Bioclimatic habitat limitations for argan trees (Argania spinosa (L.) Skeels) in Northern Africa and Spain
Hernández Bermejo, Esteban
Quero, José L.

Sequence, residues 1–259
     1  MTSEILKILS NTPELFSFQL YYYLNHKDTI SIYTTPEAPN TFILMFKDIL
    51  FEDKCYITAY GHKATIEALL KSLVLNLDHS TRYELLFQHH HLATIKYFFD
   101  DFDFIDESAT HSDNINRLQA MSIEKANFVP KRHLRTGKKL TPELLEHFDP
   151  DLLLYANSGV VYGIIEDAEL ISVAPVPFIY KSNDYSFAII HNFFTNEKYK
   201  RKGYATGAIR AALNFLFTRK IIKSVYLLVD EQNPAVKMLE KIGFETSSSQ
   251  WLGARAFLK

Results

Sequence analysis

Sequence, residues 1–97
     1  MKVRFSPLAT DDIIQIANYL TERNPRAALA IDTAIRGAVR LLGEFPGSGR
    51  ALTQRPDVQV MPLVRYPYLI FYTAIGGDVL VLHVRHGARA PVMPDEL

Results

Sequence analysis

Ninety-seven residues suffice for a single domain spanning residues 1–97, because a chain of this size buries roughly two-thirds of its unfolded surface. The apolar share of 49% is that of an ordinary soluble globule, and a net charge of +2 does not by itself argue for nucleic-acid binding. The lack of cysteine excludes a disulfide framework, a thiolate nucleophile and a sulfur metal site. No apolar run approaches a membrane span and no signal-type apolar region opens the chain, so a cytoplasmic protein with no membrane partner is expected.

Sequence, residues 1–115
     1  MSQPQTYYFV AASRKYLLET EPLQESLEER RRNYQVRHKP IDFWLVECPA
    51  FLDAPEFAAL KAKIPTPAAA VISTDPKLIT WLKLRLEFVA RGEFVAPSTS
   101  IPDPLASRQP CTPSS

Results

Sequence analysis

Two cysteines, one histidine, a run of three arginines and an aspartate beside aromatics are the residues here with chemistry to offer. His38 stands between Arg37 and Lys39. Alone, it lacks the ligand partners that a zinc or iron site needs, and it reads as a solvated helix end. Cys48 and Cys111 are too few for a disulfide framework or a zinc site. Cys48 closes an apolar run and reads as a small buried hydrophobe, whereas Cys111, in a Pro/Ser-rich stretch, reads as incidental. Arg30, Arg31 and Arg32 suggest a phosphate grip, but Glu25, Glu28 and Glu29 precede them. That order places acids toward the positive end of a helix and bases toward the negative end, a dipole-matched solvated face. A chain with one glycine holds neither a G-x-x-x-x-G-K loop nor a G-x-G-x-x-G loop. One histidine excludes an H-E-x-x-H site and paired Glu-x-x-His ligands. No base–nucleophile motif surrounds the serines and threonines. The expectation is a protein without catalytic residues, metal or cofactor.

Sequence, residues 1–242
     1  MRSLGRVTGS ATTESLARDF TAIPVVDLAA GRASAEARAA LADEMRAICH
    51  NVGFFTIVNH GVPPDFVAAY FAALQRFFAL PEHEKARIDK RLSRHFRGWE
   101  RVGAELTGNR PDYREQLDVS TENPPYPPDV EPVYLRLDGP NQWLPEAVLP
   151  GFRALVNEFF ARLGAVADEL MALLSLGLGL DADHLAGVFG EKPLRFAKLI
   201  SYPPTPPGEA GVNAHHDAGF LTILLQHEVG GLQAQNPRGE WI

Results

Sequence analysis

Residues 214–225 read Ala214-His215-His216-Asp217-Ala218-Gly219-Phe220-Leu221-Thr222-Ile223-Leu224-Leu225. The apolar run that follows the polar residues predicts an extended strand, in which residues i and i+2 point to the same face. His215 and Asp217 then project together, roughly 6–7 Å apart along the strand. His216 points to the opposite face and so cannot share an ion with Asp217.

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Argania spinosa L. Skeels is an Algerian-Moroccan endemic tree. This species is part of various plant communities consisting of Mediterranean, Macaronesian and Saharan floristic elements. It has been introduced and perhaps sometimes naturalized in various regions of the Mediterranean basin. Due to its role in combating desertification, high socio-economic value, and traditional use as fodder and food, the southwestern Moroccan argan grove (Arganeraie) was declared Biosphere Reserve. It had already been subject to conservation and reforestation programs a century earlier. Its cultivation for oil production could be, besides an economic objective, an effective method to conserve its genetic diversity. Therefore, this study aims to estimate its potential distribution and establish efficient breeding programs by determining its ecological requirements, identifying its different habitats, and predicting habitat suitability models for Morocco, Algeria, Tunisia, and Spain. Using 53 occurrence points, wind speed and direction data, and 29 bioclimatic variables, multivariate methods were applied to describe the ecological profiles and characterize the heterogeneity of its habitat to subsequently, train a Maxent model that establishes, besides Morocco and Algeria, suitable cultivation areas in Tunisia and Spain. The North African potential area is limited to the western Mediterranean coast of Algeria and flat and coastal areas of eastern Tunisia. The increased likelihood of suitability remains in the southeast Iberian Peninsula. A high probability of argan cultivation is also evident in the Canary Islands. These results provide possibilities for future expansion of argan crop and a window of opportunity to improve its genetic diversity and conservation.